Hormone therapy is treatment to stop your body from producing the male hormone testosterone. Prostate cancer cells rely on testosterone to help them grow. Cutting off the supply of testosterone may cause cancer cells to die or to grow more slowly.
Hormone therapy options include:
- Medications that stop your body from producing testosterone. Medications known as luteinizing hormone-releasing hormone (LH-RH) agonists prevent the testicles from receiving messages to make testosterone. Drugs typically used in this type of hormone therapy include leuprolide (Lupron, Eligard), goserelin (Zoladex), triptorelin (Trelstar) and histrelin (Vantas). Other drugs sometimes used include ketoconazole and abiraterone (Zytiga).
- Medications that block testosterone from reaching cancer cells. Medications known as anti-androgens prevent testosterone from reaching your cancer cells. Examples include bicalutamide (Casodex), nilutamide (Nilandron) and flutamide. The drug enzalutamide (Xtandi) may be an option when other hormone therapies are no longer effective.
- Surgery to remove the testicles (orchiectomy). Removing your testicles reduces testosterone levels in your body.
Hormone therapy is used in men with advanced prostate cancer to shrink the cancer and slow the growth of tumors. In men with early-stage prostate cancer, hormone therapy may be used to shrink tumors before radiation therapy, which can increase the likelihood that radiation therapy will be successful.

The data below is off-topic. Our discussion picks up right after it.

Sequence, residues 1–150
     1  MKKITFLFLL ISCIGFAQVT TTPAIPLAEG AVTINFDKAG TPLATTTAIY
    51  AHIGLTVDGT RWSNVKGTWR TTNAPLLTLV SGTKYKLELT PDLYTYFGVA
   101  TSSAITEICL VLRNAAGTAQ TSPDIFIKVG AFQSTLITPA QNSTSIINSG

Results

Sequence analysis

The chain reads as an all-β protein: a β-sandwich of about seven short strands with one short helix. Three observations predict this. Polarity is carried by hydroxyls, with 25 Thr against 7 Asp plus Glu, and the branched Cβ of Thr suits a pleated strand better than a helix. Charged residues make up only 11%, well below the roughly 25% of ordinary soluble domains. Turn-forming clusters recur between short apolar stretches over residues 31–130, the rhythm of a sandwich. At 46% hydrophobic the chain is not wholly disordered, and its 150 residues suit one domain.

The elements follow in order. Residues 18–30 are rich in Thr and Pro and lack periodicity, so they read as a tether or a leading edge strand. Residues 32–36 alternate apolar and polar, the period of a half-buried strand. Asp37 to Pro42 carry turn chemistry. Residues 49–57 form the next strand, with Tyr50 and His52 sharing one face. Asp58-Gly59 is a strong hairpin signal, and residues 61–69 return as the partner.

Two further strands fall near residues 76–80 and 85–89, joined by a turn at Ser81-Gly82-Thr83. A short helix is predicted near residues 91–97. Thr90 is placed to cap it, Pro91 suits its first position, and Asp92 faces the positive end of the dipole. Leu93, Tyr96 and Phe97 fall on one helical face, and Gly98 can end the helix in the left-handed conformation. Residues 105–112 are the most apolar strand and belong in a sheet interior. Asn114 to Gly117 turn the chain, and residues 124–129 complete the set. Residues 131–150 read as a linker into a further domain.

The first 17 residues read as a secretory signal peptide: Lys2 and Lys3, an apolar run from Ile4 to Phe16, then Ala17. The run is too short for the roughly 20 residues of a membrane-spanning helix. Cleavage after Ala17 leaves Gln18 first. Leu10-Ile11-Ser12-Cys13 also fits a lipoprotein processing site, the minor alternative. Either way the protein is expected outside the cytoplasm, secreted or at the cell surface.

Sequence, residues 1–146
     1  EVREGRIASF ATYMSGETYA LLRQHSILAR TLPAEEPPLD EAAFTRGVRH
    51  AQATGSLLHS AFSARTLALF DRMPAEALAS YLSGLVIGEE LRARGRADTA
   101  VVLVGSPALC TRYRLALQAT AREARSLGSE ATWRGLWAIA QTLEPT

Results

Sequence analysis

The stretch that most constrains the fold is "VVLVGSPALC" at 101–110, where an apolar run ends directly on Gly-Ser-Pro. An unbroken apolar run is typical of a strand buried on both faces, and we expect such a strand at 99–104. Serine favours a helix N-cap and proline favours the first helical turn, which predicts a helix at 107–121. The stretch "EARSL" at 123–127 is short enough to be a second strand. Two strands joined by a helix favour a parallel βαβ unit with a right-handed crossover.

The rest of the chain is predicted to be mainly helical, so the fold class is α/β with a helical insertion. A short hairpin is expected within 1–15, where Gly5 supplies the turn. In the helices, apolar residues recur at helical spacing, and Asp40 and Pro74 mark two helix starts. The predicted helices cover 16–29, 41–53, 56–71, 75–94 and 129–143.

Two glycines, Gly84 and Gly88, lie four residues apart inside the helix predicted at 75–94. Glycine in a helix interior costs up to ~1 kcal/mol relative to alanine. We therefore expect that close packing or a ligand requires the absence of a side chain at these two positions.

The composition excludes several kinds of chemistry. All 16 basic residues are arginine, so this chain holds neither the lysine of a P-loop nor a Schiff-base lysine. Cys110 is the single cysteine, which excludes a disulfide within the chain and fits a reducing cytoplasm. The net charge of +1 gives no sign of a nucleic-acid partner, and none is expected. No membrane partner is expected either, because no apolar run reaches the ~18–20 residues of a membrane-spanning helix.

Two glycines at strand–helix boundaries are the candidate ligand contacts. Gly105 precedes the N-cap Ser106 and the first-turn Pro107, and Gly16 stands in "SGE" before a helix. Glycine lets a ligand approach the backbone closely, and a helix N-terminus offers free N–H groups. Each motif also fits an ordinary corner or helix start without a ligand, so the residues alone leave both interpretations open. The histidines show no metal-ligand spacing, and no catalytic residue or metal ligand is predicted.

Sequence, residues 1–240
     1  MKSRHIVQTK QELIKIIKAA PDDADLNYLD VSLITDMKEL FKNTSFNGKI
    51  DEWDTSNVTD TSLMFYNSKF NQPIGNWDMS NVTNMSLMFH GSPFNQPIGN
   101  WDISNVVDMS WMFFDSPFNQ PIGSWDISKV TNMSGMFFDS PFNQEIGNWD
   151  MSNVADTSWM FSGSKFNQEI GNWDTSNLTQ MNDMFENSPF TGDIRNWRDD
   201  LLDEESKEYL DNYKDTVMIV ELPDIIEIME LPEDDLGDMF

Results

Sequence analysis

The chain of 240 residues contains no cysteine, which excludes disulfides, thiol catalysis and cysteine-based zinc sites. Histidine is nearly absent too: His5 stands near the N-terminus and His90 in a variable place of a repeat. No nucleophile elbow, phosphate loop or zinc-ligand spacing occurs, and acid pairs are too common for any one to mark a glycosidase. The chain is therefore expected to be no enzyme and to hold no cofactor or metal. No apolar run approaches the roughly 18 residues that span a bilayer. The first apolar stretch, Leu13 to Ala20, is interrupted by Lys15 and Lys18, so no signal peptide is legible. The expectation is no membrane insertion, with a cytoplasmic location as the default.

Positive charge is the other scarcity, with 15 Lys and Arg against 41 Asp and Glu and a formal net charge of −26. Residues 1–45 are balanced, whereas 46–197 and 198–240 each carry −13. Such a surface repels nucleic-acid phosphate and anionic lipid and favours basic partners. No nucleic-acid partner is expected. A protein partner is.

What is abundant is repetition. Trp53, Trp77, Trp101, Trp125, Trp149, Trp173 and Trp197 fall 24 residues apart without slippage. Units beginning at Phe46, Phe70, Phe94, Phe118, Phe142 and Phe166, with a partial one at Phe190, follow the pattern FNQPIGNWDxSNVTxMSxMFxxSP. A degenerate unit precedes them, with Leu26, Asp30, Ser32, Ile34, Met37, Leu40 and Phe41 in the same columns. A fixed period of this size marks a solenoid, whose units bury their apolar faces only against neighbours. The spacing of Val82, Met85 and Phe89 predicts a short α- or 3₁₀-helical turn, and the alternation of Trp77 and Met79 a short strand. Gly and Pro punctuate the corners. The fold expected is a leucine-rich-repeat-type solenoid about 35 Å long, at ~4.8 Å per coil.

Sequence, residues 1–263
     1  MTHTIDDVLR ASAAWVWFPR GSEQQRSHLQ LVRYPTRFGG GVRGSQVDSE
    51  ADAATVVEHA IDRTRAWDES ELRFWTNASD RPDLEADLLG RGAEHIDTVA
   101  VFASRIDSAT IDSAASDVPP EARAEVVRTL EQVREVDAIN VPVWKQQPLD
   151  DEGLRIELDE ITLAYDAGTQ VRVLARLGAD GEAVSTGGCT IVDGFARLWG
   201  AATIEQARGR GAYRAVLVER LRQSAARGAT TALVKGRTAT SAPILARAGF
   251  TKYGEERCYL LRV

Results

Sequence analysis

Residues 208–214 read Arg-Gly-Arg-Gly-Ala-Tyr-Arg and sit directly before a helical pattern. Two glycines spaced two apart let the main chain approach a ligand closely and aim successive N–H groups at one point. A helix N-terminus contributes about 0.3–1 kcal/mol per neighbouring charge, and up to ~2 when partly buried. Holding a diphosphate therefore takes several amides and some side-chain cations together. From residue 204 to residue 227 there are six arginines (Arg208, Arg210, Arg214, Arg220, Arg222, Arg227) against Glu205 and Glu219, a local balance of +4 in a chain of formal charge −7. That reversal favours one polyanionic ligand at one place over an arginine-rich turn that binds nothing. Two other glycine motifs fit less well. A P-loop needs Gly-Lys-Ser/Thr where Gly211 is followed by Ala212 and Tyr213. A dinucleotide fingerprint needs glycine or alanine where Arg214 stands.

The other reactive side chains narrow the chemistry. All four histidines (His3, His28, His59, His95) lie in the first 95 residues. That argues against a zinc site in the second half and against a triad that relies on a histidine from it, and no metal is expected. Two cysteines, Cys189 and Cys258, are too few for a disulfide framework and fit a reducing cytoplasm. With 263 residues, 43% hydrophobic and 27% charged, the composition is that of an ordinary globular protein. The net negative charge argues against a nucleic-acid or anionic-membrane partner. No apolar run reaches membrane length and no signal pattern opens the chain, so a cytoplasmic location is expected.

Side effects of hormone therapy may include erectile dysfunction, hot flashes, loss of bone mass, reduced sex drive and weight gain.
Freezing prostate tissue
Cryosurgery or cryoablation involves freezing tissue to kill cancer cells.
During cryosurgery for prostate cancer, small needles are inserted in the prostate using ultrasound images as guidance. A very cold gas is placed in the needles, which causes the surrounding tissue to freeze. A second gas is then placed in the needles to reheat the tissue. The cycles of freezing and thawing kill the cancer cells and some surrounding healthy tissue.
Initial attempts to use cryosurgery for prostate cancer resulted in high complication rates and unacceptable side effects. However, newer technologies have lowered complication rates, improved cancer control and made the procedure easier to tolerate. Cryosurgery is more frequently used as a salvage therapy for men who haven't been helped by radiation therapy.
Chemotherapy uses drugs to kill rapidly growing cells, including cancer cells. Chemotherapy can be administered through a vein in your arm, in pill form or both.
Chemotherapy may be a treatment option for men with prostate cancer that has spread to remote body locations. Chemotherapy may also be an option for cancers that don't respond to hormone therapy.
Biological therapy (immunotherapy) uses your body's immune system to fight cancer cells. One type of biological therapy called sipuleucel-T (Provenge) has been developed to treat advanced, recurrent prostate cancer.
This treatment takes some of your own immune cells, genetically engineers them in a laboratory to fight prostate cancer, then injects the cells back into your body through a vein. Some men do respond to this therapy with some improvement in their cancer, but the treatment is very expensive and requires multiple treatments.